|Publication number||US7565839 B2|
|Application number||US 11/499,957|
|Publication date||Jul 28, 2009|
|Filing date||Aug 7, 2006|
|Priority date||Aug 8, 2005|
|Also published as||EP1752733A2, EP1752733A3, US20070039386|
|Publication number||11499957, 499957, US 7565839 B2, US 7565839B2, US-B2-7565839, US7565839 B2, US7565839B2|
|Inventors||Robert E. Stewart, Stanley F. Wyse|
|Original Assignee||Northrop Grumman Guidance And Electronics Company, Inc.|
|Export Citation||BiBTeX, EndNote, RefMan|
|Patent Citations (10), Referenced by (38), Classifications (9), Legal Events (4)|
|External Links: USPTO, USPTO Assignment, Espacenet|
This application contains subject matter that is related to the subject matter of the following application, which is assigned to the same assignee as this application.
“Vibratory Gyro Bias Error Cancellation Using Mode Reversal”, Ser. No. 11/499,958, filed Aug. 7, 2006.
“Method for Modifying the Location of Nodal Points of a Vibrating Beam”, Ser. No. 11/499,956, filed Aug. 7, 2006.
The below-listed application is hereby incorporated herein by reference in its entirety. “Oscillation of Vibrating Beam in a First Direction for a First Time Period and a Second Direction for a Second Time Period to Sense Angular Rate of the Vibrating Beam,” by Robert E. Stewart, application Ser. No. 11/057,324, filed Feb. 11, 2005.
The invention relates generally to electromechanical systems and more particularly to drive and sense modes of vibrating beams.
An electromechanical system in one example measures a parameter. The electromechanical system may comprise a micro-electromechanical system (“MEMS”) accelerometer or gyroscope that measures the parameter. For example, the accelerometer measures an acceleration and the gyroscope measures an angular rate (e.g., rotation). The gyroscope in one example comprises a vibrating beam with high Q degenerate fundamental modes of vibration. For example, high Q vibrating beams require little energy to sustain vibration. The vibrating beam in one example is employable for high performance closed loop angular rate sensing. The vibrating beam in another example is employable for lower performance open loop angular rate sensing. The mathematical model of the symmetrical vibrating beam is in many aspects similar to a vibrating ring or hemispherical resonator gyroscope (“HRG”). The analytical similarity to the hemispherical resonator gyroscope indicates that the vibrating beam gyroscope has the potential of achieving similar performance.
Drive components coupled with the vibrating beam cause a first oscillation of the vibrating beam. An angular rate of the vibrating beam and the first oscillation induce a Coriolis force on the vibrating beam. For example, the angular rate is about the longitudinal axis of the vibrating beam. The Coriolis force causes a second oscillation of the vibrating beam. The second oscillation is substantially perpendicular to the first oscillation. Feedback components in one example provide feedback on a magnitude of the first oscillation to the drive components for regulation of the first oscillation. Pickoff sensor components sense the second oscillations and apply control signals to null the pickoff signal. The control signals are a measure of the magnitude and polarity of the angular rate of the vibrating beam.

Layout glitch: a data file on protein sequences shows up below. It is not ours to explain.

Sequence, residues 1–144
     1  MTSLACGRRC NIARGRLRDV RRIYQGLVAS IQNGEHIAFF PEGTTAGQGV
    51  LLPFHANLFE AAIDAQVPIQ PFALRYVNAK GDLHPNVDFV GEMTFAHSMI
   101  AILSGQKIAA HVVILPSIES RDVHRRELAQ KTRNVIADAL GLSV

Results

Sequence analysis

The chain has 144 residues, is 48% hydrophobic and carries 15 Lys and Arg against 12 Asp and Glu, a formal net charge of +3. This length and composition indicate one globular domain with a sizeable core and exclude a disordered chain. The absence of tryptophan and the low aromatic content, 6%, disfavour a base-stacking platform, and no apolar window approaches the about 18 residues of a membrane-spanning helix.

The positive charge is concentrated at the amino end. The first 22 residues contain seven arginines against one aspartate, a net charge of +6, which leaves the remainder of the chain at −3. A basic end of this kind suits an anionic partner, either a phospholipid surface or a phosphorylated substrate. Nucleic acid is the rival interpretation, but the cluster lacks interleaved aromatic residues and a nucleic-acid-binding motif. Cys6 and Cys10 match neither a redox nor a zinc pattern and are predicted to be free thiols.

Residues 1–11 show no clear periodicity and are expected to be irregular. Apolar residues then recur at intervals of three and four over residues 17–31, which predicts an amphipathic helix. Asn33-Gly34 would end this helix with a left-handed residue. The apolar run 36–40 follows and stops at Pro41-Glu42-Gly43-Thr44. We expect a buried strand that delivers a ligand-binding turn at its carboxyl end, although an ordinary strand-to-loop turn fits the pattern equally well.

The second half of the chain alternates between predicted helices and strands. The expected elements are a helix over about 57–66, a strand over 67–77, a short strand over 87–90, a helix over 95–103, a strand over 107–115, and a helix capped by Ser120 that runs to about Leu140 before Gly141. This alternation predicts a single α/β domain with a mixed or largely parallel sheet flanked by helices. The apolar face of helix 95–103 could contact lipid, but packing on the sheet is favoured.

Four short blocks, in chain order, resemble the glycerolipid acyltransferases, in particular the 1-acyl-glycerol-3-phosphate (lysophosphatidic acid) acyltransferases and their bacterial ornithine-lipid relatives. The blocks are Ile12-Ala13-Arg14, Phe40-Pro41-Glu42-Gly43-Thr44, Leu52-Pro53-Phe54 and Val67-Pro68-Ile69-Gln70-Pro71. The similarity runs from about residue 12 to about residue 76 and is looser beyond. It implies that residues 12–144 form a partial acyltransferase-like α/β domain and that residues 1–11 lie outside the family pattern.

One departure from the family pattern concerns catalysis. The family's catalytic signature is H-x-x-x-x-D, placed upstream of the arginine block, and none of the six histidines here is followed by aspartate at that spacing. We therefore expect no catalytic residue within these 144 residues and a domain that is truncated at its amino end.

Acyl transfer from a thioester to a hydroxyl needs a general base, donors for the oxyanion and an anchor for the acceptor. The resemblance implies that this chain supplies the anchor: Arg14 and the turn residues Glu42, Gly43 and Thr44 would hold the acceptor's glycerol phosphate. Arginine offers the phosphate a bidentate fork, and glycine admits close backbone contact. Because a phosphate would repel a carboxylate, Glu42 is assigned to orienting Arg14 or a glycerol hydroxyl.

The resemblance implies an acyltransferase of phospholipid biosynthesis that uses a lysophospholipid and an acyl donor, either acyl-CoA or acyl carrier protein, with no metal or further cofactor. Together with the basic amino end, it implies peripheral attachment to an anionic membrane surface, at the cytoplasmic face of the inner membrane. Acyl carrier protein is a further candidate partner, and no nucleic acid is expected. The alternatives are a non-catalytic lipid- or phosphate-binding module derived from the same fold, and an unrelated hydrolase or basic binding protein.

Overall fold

There is a need in the art for an improved coriolis vibratory gyro that reduces, compensates, or eliminates in real time the sources of gyro bias and quadrature.
One embodiment of the present method and apparatus encompasses an apparatus. The apparatus may comprise: a beam in a vibrating beam gyro; drive components operatively coupled to the beam, the drive components driving the beam to oscillate; and a Coriolis induced vibration in two orthogonal faces of the beam, means for reducing a bias of the beam to zero; and means for reducing a quadrature of the beam to zero
Another embodiment of the present method and apparatus encompasses a method. The method may comprises: providing a two-dimensional axisymmetric oscillator having a beam containing two principal elastic axes and two principal damping axes; driving the beam with drive components to oscillate; reducing a bias of the beam to zero; and reducing a quadrature of the beam to zero.
Features of embodiments of the invention will become apparent from the description, the claims, and the accompanying drawings in which:
Vibratory gyros may be a collective name for mechanical devices that in various ways use Coriolis acceleration to sense rotation. These gyros appear in a large number of shapes and are also known as tuning forks, vibrating disks, vibrating wine glass etc.
In one example, the drive oscillation of the vibrating beam 102 is along a first direction (e.g., out-of-plane). So, the drive/sensor components 105 and 106 serve as drive components for the vibrating beam 102 and the drive/sensor components 110 and 112 serve as pickoff/forcer rebalance components for the vibrating beam 102. In another example, the drive oscillation of the vibrating beam 102 is along a second direction (e.g., in-plane). So, the drive/sensor components 110 and 112 serve as drive components for the vibrating beam 102 and the drive/sensor components 105 and 106 serve as pickoff/forcer rebalance components for the vibrating beam 102.
The vibrating beam 102 comprises one or more nodal axes for vertical oscillation (e.g., vertical vibration). For example, vertical oscillation of the vibrating beam 102 may occur about the nodal axes. The vibrating beam 102 may also have one or more nodal axes for horizontal oscillation (e.g., horizontal vibration). For example, horizontal oscillation of the vibrating beam 102 may occur about the nodal axes. The nodal axis for vertical oscillation and the nodal axis for horizontal oscillation in one example intersect at a nodal point 126. The nodal point 126 remains substantially still for oscillation in any one or more of a plurality of substantially perpendicular directions. For example, the nodal point 126 remains substantially still during both vertical oscillation and horizontal oscillation. The vibrating beam 102 may have one or more connection components 120 that serve to connect a frame 118 with the vibrating beam 102 at the nodal point 126 of the vibrating beam 102.